Sign of a great game: I lost handily, but still had a great time and can't wait to play again. The negotiation was very funny, and never seemed "nasty" - even if someone went the opposite way to the way you wanted, it was usually because it made financial sense for them, so it was rare to feel someone was working against you. Even if they were



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I find that it's a mistake to appear to be a shark in this game - and the buy-low/sell-high strategy doesn't work, unless everyone thinks you are doing them a favour. What I have learned is that fluidity is more important than anything else - you want to get an action on every person's turn, and you want to sell every tower action you can (other than your own if you want or need it).

The game is actually very much like real business - both parties should be happy with their side of the deal. What makes it tricky is to ensure that for you, your side of the deal is sweeter than it appears, such as getting moves that complete both a message and a small-order, etc.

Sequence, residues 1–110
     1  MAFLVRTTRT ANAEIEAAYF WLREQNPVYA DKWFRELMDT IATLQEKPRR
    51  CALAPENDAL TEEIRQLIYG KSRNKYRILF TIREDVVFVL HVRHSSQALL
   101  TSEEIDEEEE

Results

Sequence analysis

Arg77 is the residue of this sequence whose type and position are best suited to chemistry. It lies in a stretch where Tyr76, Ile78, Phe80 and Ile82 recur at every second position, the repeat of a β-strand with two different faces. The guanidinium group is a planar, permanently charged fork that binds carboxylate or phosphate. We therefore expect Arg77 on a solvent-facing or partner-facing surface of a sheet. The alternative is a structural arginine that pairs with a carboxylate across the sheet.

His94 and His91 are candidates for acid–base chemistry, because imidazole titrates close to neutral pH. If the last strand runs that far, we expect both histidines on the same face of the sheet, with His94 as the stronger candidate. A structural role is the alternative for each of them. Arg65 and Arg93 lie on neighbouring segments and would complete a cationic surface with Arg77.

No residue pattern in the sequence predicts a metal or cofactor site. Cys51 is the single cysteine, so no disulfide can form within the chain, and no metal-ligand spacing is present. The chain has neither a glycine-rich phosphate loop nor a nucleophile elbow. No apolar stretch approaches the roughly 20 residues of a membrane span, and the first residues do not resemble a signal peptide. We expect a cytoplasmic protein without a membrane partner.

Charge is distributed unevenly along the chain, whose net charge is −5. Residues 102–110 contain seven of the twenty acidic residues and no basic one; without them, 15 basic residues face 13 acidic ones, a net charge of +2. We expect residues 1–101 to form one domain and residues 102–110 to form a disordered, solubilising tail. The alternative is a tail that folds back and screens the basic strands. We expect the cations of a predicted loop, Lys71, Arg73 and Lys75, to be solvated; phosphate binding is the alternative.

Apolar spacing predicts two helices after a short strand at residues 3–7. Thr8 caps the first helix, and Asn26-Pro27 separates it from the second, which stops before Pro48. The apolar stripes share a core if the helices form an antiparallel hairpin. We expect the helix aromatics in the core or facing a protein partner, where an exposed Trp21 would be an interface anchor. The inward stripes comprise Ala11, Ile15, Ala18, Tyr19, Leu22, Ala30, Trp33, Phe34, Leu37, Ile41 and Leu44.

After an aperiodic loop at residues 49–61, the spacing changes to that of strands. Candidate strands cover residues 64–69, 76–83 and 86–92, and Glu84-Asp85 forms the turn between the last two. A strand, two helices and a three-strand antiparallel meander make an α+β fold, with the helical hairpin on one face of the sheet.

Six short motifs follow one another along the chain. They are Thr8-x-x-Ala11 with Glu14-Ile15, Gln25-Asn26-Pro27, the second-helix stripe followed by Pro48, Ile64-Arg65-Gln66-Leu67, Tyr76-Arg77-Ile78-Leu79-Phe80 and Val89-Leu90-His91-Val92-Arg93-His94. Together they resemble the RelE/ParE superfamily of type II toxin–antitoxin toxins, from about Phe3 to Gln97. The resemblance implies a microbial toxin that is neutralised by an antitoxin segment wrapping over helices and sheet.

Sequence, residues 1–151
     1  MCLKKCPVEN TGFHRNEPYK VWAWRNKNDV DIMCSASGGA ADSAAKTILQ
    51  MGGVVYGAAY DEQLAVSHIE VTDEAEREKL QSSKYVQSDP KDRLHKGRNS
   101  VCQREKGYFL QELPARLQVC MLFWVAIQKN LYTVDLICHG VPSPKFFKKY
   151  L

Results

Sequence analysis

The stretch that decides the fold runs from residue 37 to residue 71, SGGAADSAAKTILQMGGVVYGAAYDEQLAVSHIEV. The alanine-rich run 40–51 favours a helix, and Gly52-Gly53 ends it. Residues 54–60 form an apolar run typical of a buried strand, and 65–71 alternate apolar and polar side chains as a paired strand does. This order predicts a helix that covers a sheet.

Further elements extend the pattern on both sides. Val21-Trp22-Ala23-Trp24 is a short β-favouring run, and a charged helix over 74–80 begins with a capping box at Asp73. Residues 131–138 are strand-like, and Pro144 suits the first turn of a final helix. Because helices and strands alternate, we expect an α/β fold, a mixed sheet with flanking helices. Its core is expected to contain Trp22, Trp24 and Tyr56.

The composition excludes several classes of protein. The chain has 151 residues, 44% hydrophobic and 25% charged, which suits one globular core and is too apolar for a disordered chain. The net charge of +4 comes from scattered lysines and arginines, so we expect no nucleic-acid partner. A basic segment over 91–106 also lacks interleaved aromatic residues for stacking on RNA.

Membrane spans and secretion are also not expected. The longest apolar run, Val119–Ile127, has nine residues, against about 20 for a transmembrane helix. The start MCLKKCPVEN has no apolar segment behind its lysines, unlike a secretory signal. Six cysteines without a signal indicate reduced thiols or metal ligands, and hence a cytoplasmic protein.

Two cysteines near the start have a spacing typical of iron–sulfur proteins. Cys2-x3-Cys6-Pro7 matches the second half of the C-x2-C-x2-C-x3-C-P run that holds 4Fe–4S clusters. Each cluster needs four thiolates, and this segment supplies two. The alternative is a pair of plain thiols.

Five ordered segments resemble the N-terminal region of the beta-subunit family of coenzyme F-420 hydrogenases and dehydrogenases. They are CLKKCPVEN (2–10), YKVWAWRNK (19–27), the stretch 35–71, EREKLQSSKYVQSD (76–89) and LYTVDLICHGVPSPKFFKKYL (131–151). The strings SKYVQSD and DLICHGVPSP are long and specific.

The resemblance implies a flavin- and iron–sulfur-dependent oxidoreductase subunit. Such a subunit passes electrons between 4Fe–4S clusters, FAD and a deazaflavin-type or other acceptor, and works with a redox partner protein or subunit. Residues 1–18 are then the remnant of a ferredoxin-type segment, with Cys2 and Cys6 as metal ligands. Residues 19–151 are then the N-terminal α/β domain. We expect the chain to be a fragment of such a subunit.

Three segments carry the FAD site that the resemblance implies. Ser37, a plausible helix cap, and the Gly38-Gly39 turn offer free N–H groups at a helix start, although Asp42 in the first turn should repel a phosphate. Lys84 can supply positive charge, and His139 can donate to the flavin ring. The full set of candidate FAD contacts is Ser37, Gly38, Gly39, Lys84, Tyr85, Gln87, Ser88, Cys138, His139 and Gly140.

So, I guess efficiency is really important. Making the most of what you can get, and not being stuck into choosing a particular strategy. Especially with four or five players, you often won't get as many choices as you would like in order to 'work' a strategy, unless you are playing with really naive players. A good winning score for us is about $1250

This really is an east-ender's game. ducking and diving, bit of this, bit of that, wide boy stuff. I love it. I'm planning on doing a '70s London East End board, with Henry/Charlie instead of salt/pepper, etc etc.

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James Casey
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Yeah, I'm definitely going to play differently next time! I think everyone will to be honest, which is another thing that makes the game great - it strikes me that it has a very strong "meta" component where previous games (or more importantly players activity therein) have a profound effect on future games.

I like the sound of your 70's board. Traders of Peckham?